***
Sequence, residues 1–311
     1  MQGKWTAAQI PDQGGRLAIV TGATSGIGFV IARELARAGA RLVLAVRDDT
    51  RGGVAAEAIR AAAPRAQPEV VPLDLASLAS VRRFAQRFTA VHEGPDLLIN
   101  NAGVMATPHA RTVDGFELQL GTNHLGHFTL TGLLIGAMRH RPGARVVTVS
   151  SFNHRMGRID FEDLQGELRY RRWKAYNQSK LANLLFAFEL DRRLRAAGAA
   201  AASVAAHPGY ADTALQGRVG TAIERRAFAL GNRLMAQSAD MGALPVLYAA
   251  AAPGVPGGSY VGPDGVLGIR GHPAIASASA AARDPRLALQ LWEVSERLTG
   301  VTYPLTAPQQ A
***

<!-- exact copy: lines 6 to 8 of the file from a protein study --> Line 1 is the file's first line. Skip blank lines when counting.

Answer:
   201  AASVAAHPGY ADTALQGRVG TAIERRAFAL GNRLMAQSAD MGALPVLYAA
   251  AAPGVPGGSY VGPDGVLGIR GHPAIASASA AARDPRLALQ LWEVSERLTG
   301  VTYPLTAPQQ A